Writing Right: The Blog

Elektra Press Names Literary Scout

March 3, 2017

Tags: News

Feb. 23, 2017. Multi-book author/editor/ghostwriter D. J. Herda has today been named a scout for Elektra Press, according to E. P.'s CEO Donald Bacue. Herda's role will be to discover and sign to contract new and exciting literary discoveries, most notably from minority authors (particularly women), first-book authors, and foreign authors and to see them through to the successful editing, preparation, and publication of their works. (more…)

Beware That "Unnamed Source"

February 25, 2017

Tags: Legal News, Opinion

I've seen a lot of accusations thrown around lately about "unnamed sources." And for good reason. A growing number of legitimate news outlets, particularly those bent on destroying the Trump White House, manufacture stories, including innuendos and accusations, attributed solely to an unnamed source. Most of these are fabrications. The only "unnamed source" these fake news folks have is their own fecund minds. In the real journalistic world, a source will occasionally insist upon remaining anonymous in exchange for spilling the beans on someone or something. In half a century of reporting, I have attributed material to an unnamed sources three or four times. That's in more than tens of thousands of newspaper and magazine articles. (more…)

Shutting Down "Fake News"

February 23, 2017

Tags: Legal News, Opinion

"Fake News." Ever hear of it? It's been in the headlines a lot lately, thanks to President Trump, who has been calling out the deteriorating pretenders to the Fourth Estate for a couple of years now. I've been doing it for a couple of decades.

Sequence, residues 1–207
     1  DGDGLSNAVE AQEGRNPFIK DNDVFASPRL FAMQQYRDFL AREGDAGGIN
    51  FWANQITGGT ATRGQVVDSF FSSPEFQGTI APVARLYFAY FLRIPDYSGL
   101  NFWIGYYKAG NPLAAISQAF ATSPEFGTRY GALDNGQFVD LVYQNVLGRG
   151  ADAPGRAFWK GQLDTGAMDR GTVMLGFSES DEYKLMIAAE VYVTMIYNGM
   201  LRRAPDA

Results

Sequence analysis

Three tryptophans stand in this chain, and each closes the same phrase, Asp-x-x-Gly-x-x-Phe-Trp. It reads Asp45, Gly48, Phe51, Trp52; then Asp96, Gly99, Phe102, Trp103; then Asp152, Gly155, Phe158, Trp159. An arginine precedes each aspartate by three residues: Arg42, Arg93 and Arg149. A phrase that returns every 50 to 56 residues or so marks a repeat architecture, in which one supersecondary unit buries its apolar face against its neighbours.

I saw the inevitability of fake news half a century ago when the British press devolved into a ragtag bunch of self-serving renegades taking Yellow Journalism to its zenith. It seemed back then that the American press would eventually follow, and it did. But not until the last presidential election has America's "Freedom of the Press" morphed into "Free-for-All of the Press." (more…)

"Some Day" or "Someday"? Which Is Right?

December 10, 2016

Tags: Gramar

In terms of grammar, the two-word phrase, "some day," consists of an adjective ("some") and a noun ("day") and refers to a single SPECIFIC day in the future that is either unknown or forgotten but nevertheless specifically exists. (That's what the "some" in the phrase is doing--defining which day.)

"Someday," on the other hand, is an adverb that refers to future events that will occur on a single day that is still indefinite or unknown in time. It's a nonspecific day because there is no adjective that can be inserted without breaking up "someday" into two words. "Someday" is a single non-modifiable adverb! (more…)

Write the Image, Not the Word!

October 31, 2016

Tags: Writing Tips, Writing Better

Here is one more of the most harmful "tips for better writing" I've come across in more than half a century of scratching pen across parchment. Ready?

"Write about what you know."

Oops, wrong-o, bong-o! You can know plenty about your subject and still come across as a rank amateur. The truth is, you should write not about what you know so much as about what you see! If you can't visualize the image in your mind, you'll never be able to help your reader create a mental picture of it. And if you can't do that, you can't write successfully.

Which brings up a point too often left undiscussed: The art of writing isn't about putting words on paper, it's about putting images in people's minds. Images are created by a word or a combination of words that generate a mental picture of the scene, place, person, or event in the reader's head.

So, what's the difference? Check out these two similar sentences: (more…)

When To Secure Libel Protection

October 31, 2016

Tags: Legal News, Libel, Plagiarism

There are times when a writer has invested months or even years of his life preparing the book of the century only to learn that publishers won't touch it because they're afraid of getting sued. At times such as those, wouldn't it be nice to tell those publishers, "Hey, not to worry! I have had a media attorney review the material and have a $500,000 libel policy in place for any contingency we might require."